Self-driving cars are already being tested, but their full potential won’t be realized until cars also learn how to communicate with each other and surrounding traffic control devices.
So-called “talking cars” aren’t just a drawing-board thing. So-called vehicle-to-vehicle (V2V) technology uses a shortwave portion of the radio spectrum made available almost 20 years ago by the Federal Communications Commission.
Larry Head, a pioneer in the drive to perfect V2V technology, will discuss his work in a 3:30 p.m. lecture on Thursday (June 28) in the Arizona Senior Academy’s Great Room.
Head, a University of Arizona professor who is also acting dean of the UA College of Engineering, believes V2V technology is as important today as the introduction of seat belts was in the 1950s. “We have technology that really can save lives, reduce crashes and reduce property-damage costs,” he says. “It’s the most exciting groundswell I’ve seen in transportation in 30 years.”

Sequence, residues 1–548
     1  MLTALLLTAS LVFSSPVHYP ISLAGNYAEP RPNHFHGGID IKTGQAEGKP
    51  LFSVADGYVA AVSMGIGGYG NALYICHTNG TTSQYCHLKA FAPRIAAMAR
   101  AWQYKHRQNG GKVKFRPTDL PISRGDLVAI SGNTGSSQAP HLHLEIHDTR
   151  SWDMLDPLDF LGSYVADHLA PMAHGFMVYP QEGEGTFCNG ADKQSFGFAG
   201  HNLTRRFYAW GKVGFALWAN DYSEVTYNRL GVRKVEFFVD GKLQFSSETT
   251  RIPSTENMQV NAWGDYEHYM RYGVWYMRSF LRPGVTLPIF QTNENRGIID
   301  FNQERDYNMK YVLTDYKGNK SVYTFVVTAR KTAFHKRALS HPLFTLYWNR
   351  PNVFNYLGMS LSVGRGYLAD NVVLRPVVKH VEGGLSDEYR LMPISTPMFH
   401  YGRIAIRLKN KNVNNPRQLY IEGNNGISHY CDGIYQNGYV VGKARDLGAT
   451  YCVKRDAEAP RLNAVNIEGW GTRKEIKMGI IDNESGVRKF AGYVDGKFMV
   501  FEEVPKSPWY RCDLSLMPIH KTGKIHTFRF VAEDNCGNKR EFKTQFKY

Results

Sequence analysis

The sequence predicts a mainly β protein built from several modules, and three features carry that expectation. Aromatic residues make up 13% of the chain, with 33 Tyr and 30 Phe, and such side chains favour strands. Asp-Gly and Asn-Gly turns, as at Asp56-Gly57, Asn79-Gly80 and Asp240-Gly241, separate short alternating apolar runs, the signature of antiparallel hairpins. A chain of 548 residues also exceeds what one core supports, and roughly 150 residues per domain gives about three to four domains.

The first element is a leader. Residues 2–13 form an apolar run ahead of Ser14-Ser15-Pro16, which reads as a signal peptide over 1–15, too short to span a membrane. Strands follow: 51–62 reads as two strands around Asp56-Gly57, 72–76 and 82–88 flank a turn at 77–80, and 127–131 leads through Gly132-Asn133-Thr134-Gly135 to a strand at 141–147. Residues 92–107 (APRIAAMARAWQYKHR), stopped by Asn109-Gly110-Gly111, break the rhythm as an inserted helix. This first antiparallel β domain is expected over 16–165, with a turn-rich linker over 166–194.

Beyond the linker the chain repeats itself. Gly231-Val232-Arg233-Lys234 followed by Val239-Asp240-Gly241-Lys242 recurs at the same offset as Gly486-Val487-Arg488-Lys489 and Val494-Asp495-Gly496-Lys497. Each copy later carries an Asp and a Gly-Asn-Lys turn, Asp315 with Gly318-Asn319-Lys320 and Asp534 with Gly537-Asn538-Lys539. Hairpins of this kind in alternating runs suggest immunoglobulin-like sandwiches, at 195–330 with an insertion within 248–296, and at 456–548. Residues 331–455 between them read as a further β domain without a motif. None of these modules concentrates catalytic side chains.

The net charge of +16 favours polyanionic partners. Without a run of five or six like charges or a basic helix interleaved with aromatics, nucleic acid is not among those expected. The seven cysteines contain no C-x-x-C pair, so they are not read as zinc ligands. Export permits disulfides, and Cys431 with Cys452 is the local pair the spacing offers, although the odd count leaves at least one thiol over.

While consumer interest has fixated on self-driving (autonomous) vehicles, the complementary technology of V2V has flown mostly under the radar. However, both are integral to the vehicular ecosystem that will radically transform urban life in the next few decades.
Why does this matter? There are more than 40,000 reasons. The National Safety Council estimates there were that many motor vehicle deaths in 2017 in the U.S. — the second successive year the total has been so high. Such levels had not been seen since 2007.
Head is a professor of systems and industrial engineering and director of the UA’s Transportation Research Institute. He has over 25 years of research and development experience in adaptive traffic signal control and traffic management. He is the principal investigator for the Multi Modal Intelligent Traffic Signal System Pooled Fund Project that is tasked with developing an intelligent traffic signal control system in a V2V environment.
Written by Mike Maharry, Academy Village Volunteer